2. Mr. Desai, the learned Counsel for the respondent has raised a preliminary objection and, before dealing with the merits of the appeal, we propose to deal with that objection. The objection was that the State had no right to Prefer an appeal from the impugned order of acquittal. The argument in support of this contention was built upon a threefold submission which was founded upon Section 5(2) of the Code of Criminal Procedure and Section 161 of the Act. It was contended that, because of these two provisions, the general right of Preferring an appeal from an order of acquittal conferred upon the State by Section 417 of the Criminal Procedure Code did not apply. Section 5(1) of the Criminal Procedure Code provides that all offences under the Indian Penal Code shall be investigated, inquired into, tried and otherwise dealt with according to the provisions contained in the Criminal Procedure Code. Section 5(2) of the Code is as follows:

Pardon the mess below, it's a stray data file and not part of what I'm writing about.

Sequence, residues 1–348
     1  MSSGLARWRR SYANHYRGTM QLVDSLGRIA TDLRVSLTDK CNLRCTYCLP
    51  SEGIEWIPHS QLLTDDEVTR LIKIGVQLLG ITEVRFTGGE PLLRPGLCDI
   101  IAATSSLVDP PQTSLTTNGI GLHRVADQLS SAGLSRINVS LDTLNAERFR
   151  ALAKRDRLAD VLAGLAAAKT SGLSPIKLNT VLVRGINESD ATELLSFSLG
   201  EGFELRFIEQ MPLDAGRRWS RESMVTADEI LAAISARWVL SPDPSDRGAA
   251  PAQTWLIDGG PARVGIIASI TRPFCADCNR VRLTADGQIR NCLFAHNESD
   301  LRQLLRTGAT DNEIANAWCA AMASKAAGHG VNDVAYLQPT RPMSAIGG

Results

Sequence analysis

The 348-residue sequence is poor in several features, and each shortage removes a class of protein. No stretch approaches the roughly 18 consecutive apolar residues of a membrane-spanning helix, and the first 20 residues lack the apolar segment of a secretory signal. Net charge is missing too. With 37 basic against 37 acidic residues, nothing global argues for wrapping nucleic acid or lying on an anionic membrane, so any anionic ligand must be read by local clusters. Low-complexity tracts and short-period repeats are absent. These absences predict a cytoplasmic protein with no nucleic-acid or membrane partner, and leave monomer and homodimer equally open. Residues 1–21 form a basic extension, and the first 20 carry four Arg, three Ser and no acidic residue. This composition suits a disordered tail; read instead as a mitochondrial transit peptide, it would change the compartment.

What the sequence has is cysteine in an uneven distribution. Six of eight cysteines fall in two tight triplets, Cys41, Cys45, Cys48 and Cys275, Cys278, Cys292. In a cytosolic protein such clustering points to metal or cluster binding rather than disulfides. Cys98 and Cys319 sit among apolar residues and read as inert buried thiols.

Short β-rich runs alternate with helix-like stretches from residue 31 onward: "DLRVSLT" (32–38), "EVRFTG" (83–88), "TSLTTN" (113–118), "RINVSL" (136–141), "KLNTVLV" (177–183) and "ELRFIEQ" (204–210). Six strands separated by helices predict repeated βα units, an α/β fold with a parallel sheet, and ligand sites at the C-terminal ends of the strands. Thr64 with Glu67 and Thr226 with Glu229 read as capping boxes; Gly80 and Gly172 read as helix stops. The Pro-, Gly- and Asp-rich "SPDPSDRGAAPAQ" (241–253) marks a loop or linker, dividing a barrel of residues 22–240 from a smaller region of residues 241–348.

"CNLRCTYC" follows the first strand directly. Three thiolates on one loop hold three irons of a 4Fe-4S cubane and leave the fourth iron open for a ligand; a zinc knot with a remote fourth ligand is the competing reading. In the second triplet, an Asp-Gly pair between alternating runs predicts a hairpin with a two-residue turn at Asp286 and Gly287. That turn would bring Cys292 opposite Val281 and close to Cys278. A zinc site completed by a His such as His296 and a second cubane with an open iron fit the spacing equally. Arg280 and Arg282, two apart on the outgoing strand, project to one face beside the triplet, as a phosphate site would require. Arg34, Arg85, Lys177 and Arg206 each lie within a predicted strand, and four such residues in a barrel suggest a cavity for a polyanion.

All offences under any other law shall be investigated, inquired into, tried and otherwise dealt with according to the same Provisions, but subject to any enactment for the time being in force re' gulating the manner or Place of investigating, inquiring into, trying or otherwise dealing with such offences.